Ceramides derived from endogenous ceramide synthesis elicit direct effects on hypothalamic neurons. In cultured hypothalamic GT1-7 neuronal cells, palmitate-dependent increases in ceramide content decreased insulin sensitivity [339]. Myriocin treatment or Sptlc2 knockdown in these cells abolished the inhibition of insulin sensitivity, indicating that ceramides produced through de novo synthesis have critical roles in the manifestation of neuronal insulin resistance during fatty acid excess [339]. Accordingly, ICV infusion of C2 ceramides in obese Zucker rats impaired and Myriocin infusion improved hypothalamic insulin sensitivity and systemic glucose tolerance, which was attributed to increased glucose-stimulated insulin secretion and β-cell mass [339]. TLR4 signaling was found essential for lipid-induced hypothalamic ceramide accumulation, and TLR4 deficiency in mice prevents hypothalamic ceramide accrual in response to lard oil infusion, protecting the animals from fatty acid-induced insulin resistance and systemic glucose intolerance [192, 340]. Consistently, inhibition of IKK-β in obese animals can lower hypothalamic ceramide concentrations, leading to similar beneficial metabolic outcomes, demonstrating the functional relevance of inflammatory signals in regulating hypothalamic ceramide turnover and metabolic homeostasis.

Campana et al. found a positive impact of PKC inhibition on fatty acid- and ceramide-induced insulin resistance in cultured hypothalamic neurons [339]. Here, pharmacological inhibition of PKCs or expression of a dominant-negative version of PKCζ counteracted the inhibition of AKT phosphorylation induced by either C2 ceramide or palmitate treatment in GT1-7 cells [339]. Ceramide-mediated PKCζ regulation may thus be central to modulation of insulin sensitivity also in hypothalamic neurons, but this has not been confirmed in vivo. The detrimental effects of ceramide accrual in the hypothalamus are also partly mediated through ER stress and associated inflammation. In mHypoE-N42 cells, inhibition of de novo ceramide formation through L-cycloserine treatment reduced palmitate-induced inflammation [341]. Other fatty acids, namely oleic- and eicosatetraenoic acid, showed anti-inflammatory effects by decreasing palmitate-induced ceramide build-up [341].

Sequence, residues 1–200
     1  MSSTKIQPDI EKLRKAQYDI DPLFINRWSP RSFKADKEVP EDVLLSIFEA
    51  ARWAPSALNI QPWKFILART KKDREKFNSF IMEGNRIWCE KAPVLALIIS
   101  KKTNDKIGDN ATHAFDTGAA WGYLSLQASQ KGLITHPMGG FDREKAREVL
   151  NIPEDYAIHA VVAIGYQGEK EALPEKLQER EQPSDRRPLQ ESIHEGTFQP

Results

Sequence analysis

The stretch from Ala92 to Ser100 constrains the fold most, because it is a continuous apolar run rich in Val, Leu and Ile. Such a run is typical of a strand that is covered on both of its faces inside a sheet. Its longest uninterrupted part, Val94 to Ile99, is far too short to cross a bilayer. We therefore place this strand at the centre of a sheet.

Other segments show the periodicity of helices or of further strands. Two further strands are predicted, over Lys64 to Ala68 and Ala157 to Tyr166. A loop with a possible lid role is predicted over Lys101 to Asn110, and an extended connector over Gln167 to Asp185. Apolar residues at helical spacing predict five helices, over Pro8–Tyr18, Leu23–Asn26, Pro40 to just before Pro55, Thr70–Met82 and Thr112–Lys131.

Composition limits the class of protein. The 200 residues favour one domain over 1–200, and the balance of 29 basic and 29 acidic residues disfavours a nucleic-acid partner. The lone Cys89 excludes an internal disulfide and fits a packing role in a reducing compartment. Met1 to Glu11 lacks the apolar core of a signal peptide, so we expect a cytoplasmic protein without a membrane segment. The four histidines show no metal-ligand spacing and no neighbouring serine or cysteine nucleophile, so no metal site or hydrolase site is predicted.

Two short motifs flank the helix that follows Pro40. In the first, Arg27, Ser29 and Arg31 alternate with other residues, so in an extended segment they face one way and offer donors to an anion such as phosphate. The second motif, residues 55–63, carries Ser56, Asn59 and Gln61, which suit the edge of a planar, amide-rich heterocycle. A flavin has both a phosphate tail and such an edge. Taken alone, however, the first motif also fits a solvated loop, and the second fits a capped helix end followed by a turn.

Contreras et al. found that hypothalamic ceramides promote ER stress in the VMH, thereby reducing sympathetic tone that impairs BAT metabolic function in the control of systemic energy metabolism [135]. In this study, ICV treatment of rats with C6 ceramide increased C16:0 ceramide content in the mediobasal hypothalamus, which was associated with increased expression of inflammatory markers and elevated ER stress [135]. Central administration of C6 ceramide reduced sympathetic nerve activity, diminished the thermogenic capacity of BAT, and impaired systemic insulin sensitivity [135]. Similarly, increasing ceramide synthesis by overexpression of SPTLC1/2 in the VMH increased ER stress in hyperthyroid rats [210]. Downregulation of SPTLC1 in VMH, in turn, ameliorated ER stress and improved metabolic health in ovariectomized rats [335]. Decreases in hypothalamic ceramide content induced by T3 treatment were associated with reduced hypothalamic ER stress, in conjunction with improved BAT mitochondrial activity, thermogenesis, and metabolic homeostasis [210]. Together, these studies indicate that ceramide accumulation in the hypothalamus, as present in obesity, promotes hypothalamic ER stress, particularly in the VMH, leading to systemic metabolic impairments.

In addition, a role of ceramides in the PVH concerning sexual maturation in obesity has been identified [342]. In contrast to undernutrition that delays puberty, childhood obesity often accelerates puberty onset, linked to a higher disease burden later in life [343]. It was recently found that de novo synthesis of nearly all ceramide species is increased in the PVH of early-onset obese female rats, leading to ceramide accumulation and precocious puberty [342]. Central administration of C6 ceramides induced pubertal precocity, while it was delayed in lean female rats after inhibiting ceramide synthesis using Myriocin [342]. In particular, the PVH has been proposed as a critical hypothalamic region for transmitting sympathetic neural information to the ovary to control ovarian maturation and function [342, 344]. Accordingly, PVH de novo synthesized ceramides triggered an increase in ovarian sympathetic tone in early-overfed rats through interplay with kisspeptin in a non-canonical pathway of the central control of puberty [342].